He pitched in five games in Denver. Two months after the season, he and a friend took off in a private plane to fly to Miami, but the plane went missing over the Everglades and never arrived. Search planes were sent out the following day, but the search was called off after he “telephoned his wife that a flat tire on his plane had grounded him in an isolated camp overnight.”16 In the morning, they repaired the tire and flew to Clewiston.
He finally got to play on the West Coast, for Vancouver, for the first half of the 1956 season. On July 8, the Chicago White Sox bought his contract (he was 4-5 at the time) from Vancouver. McDonald pitched for the White Sox in 1956, 1957, and 1958, but he didn’t win a game. In 1956 he was 0-2 with an 8.68 ERA – not what the White Sox had been hoping for. There were mitigating factors in the first loss; Mel Parnell no-hit the White Sox at Fenway Park on July 14. The other one was also a loss to the Red Sox, at Comiskey. McDonald started, but gave up four runs in the top of the second inning, recording only one out that frame (and that a sacrifice fly.)
He opened the 1957 season in Chicago, but when the minor-league season began, he was optioned to Indianapolis (9-4, 2.98), returning in September. In all, he pitched 22 1/3 innings for the White Sox with an excellent ERA of 2.01. He lost his only decision, in relief. In 1958 he was 9-11 (3.46) with Indianapolis after appearing in three April games for the White Sox, his last in the big leagues. He gave up eight runs (five earned) in just 2 1/3 innings.
McDonald soldiered on, with another season in Indianapolis (10-11, 3.75) and then a 1960 season split between Miami and Charleston.
After baseball, McDonald owned and operated Lane’s Marine Sales and Service in Downey, California.
He died on October 23, 2004, in Kingman, Arizona.
In addition to the sources noted in this biography, the author also accessed McDonald’s player file and player questionnaire from the National Baseball Hall of Fame, the Encyclopedia of Minor League Baseball, Retrosheet.org, Baseball-Reference.com, Rod Nelson of SABR’s Scouts Committee, and the SABR Minor Leagues Database, accessed online at Baseball-Reference.com.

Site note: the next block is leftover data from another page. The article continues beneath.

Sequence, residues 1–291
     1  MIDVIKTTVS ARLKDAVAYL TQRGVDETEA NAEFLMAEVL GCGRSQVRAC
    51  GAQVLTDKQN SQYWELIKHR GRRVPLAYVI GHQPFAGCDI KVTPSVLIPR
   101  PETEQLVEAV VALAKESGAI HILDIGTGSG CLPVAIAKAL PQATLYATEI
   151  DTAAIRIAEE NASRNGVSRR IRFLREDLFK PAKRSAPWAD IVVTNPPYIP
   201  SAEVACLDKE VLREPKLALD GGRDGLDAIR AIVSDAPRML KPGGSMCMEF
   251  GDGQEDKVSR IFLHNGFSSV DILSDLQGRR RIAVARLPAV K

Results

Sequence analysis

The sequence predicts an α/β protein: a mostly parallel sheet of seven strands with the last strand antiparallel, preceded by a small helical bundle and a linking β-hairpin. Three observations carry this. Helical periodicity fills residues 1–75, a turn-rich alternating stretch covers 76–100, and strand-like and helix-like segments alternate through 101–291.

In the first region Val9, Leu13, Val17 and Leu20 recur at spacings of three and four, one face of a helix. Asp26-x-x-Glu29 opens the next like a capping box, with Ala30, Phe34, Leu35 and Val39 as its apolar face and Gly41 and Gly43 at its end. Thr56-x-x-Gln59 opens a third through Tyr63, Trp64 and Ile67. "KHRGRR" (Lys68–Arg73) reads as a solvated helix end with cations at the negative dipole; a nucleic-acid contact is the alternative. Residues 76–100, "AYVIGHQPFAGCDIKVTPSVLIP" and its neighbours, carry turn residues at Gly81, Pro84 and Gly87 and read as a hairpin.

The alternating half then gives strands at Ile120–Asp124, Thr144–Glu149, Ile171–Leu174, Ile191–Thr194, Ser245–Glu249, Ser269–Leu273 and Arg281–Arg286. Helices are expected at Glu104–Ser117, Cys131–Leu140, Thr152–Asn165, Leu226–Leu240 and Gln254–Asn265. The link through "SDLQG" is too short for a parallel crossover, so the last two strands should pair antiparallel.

1 McDonald player questionnaire from the National Baseball Hall of Fame. The note about giving up was written in response to a February 19, 1974 letter to McDonald from the Hall of Fame asking him about his true first name. The “Hot Rod” moniker was because McDonald was “a hot rod driver by avocation.” John Drohan, “Red Sox Hit Road with Pitching Set,” Boston Traveler, July 24, 1950: 26.
2 American League questionnaire, in McDonald’s Hall of Fame player file.
3 Associated Press, “Modesto Hurler, 17, Signs with Boston,” Sacramento Bee, March 19, 1945: 17.
4 Handwritten note in McDonald’s Hall of Fame player file.
5 American League questionnaire, in McDonald’s Hall of Fame player file.
6 John Drohan, ‘M’Donald Serious About Game,” Boston Traveler, August 3, 1950: 11.
7 Handwritten note on the February 1974 letter to McDonald.
8 Jack Barry, “Jim M’Donald No. 1 Rookie for Red Sox?” Boston Globe, February 28, 1951: 17.
9 John Drebinger, “M’Donald, Young Pitcher, Hailed As ‘Sleeper’ Stat of Yanks Camp,” New York Times, February 26, 1952: 32.
10 See, for instance, Associated Press, “McDonald Hurls Today for Yankees,” Washington Post, October 4, 1953: C1.
11 Leonard Koppett, “Meyer Bemoans Yankee Power –Champs Confident,” Boston Globe, October 5, 1953: 5.
12 Jim McDonald, “McDonald Would Have Given Anything To Finish Game,” Charleston News and Courier, October 5, 1953: 6.
13 Hy Hurwitz, “Sox Split With Yankees; Agganis Ruins No-Hitter,” Boston Globe, April 20, 1954: 1.
14 Retrosheet explains: On November 17, 1954, McDonald was traded by the New York Yankees with players to be named later, Harry Byrd, Willy Miranda, Hal Smith, Gus Triandos and Gene Woodling to the Baltimore Orioles for players to be named later, Billy Hunter, Don Larsen and Bob Turley. The New York Yankees sent Bill Miller (December 1, 1954), Kal Segrist (December 1, 1954), Don Leppert (December 1, 1954) and Theodore Del Guercio (minors) (December 1, 1954) to the Baltimore Orioles to complete the trade. The Baltimore Orioles sent Mike Blyzka (December 1, 1954), Darrell Johnson (December 1, 1954), Jim Fridley (December 1, 1954) and Dick Kryhoski (December 1, 1954) to the New York Yankees to complete the trade.
15 “Lopat of Yankees Goes to Orioles,” New York Times, July 31, 1955: S3. Denver was a Yankees farm club.
16 United Press, “Pitcher McDonald Safe, Flat Tire Grounds Plane,” New York World-Telegram, December 6, 1955.